In what is its largest-ever photography exhibition — three of them, actually — and very likely the most comprehensive mounted anywhere on Long Island, the Nassau County Museum of Art devotes 10 galleries to images from photography’s infancy to prints by living artists collected by Long Islanders.

The iconic black-and-white landscapes capturing dramatic vistas of the American West greet visitors in the gallery just off the foyer with “Ansel Adams: Sight and Feeling.” Beginning in the adjoining gallery, “Light Works: 100 Years of Photos” traces the history of photography from Julia Margaret Cameron’s sepia-toned “Aurora: Goddess of Morning” of 1873 to Kim Ellen Kauffman’s archival pigment print, “Dispersal” (2000).

For a local perspective, head upstairs to “New Photos: Long Island Collects,” ranging from works by Robert Mapplethorpe, one of the few artists in this collection not still among the living, to the Island’s own self-photographing genius, Cindy Sherman, and animal-loving humorist photographer William Wegman. Almost everything to love in photography and your little dog, too.

ANSEL ADAMS

Twenty-two photographs spanning most of Adams’ extraordinary career are from the Kalamazoo (Michigan) Institute of Arts collection bequeathed by William John Upjohn of Kalamazoo-based Upjohn Pharmaceuticals.

“He amassed a collection in a time before photography was considered fine art,” says Karla Niehus, interim curator of the institute. One of the earliest photographs in the Nassau show is of Vernal Falls in Yosemite Valley, shot in 1920, when Adams was 18. Much of his career was spent photographing Yosemite and other national parks.

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“The quality of his prints remains unparalleled,” says Karl Willers, director of the Nassau museum. The secret sauce behind Adams’ vision, stunningly captured in black-and-white detail, is on display. It’s a camera like his, which looks old-fashioned, with flexible bellows that allow changes in angles and perspective. But the key is the large film size it accommodates, 8-by-10 inches, compared with the later 35mm — optimizing detail in the negative and final print. Another Yosemite image, a gnarly tree trunk foregrounding the sky-blue (we imagine) horizon at Tuolumne Meadows, 1941, epitomizes the genius of his meticulous process. Another, a rare portrait, is of Edward Weston, fellow photographer and co-founder of Group f/64, named for a photographic aperture, of course.

100 YEARS OF PHOTOS

A century — more in this case — pretty much covers the history of photography’s evolution from a tool of scientific observation to instant sharing of imagery. While smartphones and Instagrams are not part of this show — also from the Kalamazoo Institute collection — its progression anticipates the immediacy and intimacy to come.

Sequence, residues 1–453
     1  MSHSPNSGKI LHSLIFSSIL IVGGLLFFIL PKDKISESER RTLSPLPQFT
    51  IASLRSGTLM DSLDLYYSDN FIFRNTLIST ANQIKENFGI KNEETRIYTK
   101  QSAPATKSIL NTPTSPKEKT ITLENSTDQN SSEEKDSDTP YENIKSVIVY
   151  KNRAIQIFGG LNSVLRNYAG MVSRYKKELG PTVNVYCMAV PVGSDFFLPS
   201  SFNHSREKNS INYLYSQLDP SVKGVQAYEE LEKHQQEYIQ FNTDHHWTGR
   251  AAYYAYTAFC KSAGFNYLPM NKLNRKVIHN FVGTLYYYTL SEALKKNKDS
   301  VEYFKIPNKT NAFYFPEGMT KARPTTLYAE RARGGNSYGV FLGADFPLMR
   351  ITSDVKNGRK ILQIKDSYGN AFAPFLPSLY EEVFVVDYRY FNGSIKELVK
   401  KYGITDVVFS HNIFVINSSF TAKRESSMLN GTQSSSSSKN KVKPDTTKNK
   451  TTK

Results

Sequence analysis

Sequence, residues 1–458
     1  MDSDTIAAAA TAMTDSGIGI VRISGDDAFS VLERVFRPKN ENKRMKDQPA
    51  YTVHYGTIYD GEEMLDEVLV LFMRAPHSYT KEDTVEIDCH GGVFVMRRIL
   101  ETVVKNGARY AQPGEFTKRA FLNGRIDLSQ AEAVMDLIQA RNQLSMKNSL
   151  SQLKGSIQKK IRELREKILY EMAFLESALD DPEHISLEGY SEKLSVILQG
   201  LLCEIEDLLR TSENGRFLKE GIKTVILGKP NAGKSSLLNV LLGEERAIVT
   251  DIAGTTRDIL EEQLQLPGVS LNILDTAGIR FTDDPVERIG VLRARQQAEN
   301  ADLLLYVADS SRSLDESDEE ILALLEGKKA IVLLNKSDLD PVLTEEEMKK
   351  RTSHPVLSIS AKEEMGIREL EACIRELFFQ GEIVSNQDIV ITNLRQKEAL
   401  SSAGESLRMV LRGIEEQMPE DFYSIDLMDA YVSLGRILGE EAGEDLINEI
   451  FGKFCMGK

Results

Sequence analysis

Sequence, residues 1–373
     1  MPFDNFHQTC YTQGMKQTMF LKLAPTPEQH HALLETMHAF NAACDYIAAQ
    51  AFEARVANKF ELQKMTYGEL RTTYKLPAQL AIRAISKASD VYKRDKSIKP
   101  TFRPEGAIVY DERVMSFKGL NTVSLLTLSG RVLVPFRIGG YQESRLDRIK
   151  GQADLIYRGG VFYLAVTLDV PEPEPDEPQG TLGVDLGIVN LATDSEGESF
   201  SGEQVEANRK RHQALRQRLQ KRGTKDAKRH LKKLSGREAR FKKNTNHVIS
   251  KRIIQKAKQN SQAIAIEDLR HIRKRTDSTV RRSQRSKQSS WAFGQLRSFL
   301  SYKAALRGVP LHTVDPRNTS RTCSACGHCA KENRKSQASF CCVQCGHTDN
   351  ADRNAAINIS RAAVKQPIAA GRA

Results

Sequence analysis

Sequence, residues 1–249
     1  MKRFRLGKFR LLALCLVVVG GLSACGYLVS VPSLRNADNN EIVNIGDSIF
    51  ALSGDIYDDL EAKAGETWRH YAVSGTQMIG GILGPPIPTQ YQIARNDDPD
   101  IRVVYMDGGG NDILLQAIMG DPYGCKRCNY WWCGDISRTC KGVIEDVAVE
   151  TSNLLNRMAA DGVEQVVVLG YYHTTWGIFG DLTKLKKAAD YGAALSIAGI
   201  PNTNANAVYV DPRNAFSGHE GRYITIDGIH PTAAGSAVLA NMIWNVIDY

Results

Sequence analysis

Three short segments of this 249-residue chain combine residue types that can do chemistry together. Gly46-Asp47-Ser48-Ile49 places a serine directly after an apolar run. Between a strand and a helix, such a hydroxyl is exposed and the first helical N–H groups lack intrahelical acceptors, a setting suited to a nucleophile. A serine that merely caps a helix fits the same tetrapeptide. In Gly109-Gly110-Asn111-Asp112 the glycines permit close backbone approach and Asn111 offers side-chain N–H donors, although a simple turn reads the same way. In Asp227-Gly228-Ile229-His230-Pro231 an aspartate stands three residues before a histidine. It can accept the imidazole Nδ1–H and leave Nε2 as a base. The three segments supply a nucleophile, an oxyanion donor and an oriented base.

An early adage, “the camera cannot lie,” made both scientific and societal uses of the medium relevant. Eadweard Muybridge’s 1887 “Animal Locomotion: Man With Donkey” photographic studies still catch what the eye is too slow to see, while Dorothea Lange’s poignant Depression-era “Migrant Mother” bespeaks another adage: “A picture is worth 1,000 words.” Alfred Stieglitz’s 1907 “The Steerage” marks a turning point toward pictorial photography, imitating painting even in black and white.

Portraits, from Diane Arbus’ foggy “Flower Girl at a Wedding, Conn.” (1964) to Richard Avedon’s “Truman Capote” (1974), rivet our attention.

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Color appears late, with the New Topographics school renouncing conventional notions of beauty and emotion, as in Richard Misrach’s stark “Moonrise, Pyramid Lake,” (1993).

LONG ISLAND COLLECTS

More than 25 collectors, including the Nassau museum, contributed to this exhibit covering the 1960s to the present. One of them, Harvey Manes of Old Westbury, contributed a pair of Cindy Sherman photos — both of herself, each unrecognizable from the other — and two more by Mapplethorpe, one a portrait of Isabella Rossellini of Bellport. (Mappelthorpe, the Floral Park native, died of AIDS in 1989.) “There’s something a little off,” about their photos, Manes says, meaning it as a compliment. “It shakes you up a bit.”

Other famous faces include Bob Dylan in Lloyd Harbor, John Lennon, Lou Reed with Laurie Anderson, and Paul McCartney visiting Willem de Kooning at his East Hampton studio.

In the Contemporary Gallery, Peter Beard’s “1 year old Gorilla in Rwanda, before the genocide” (1984, the genocide occurred 10 years later), hangs next to an ape skull. Meanwhile, Sebastião Salgado’s 2005 “Iceberg Antarctica” appears to be melting.

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Cheer up by checking out John Baldesarri’s bright 2005 photo-construct “Person With Guitar” on your way out.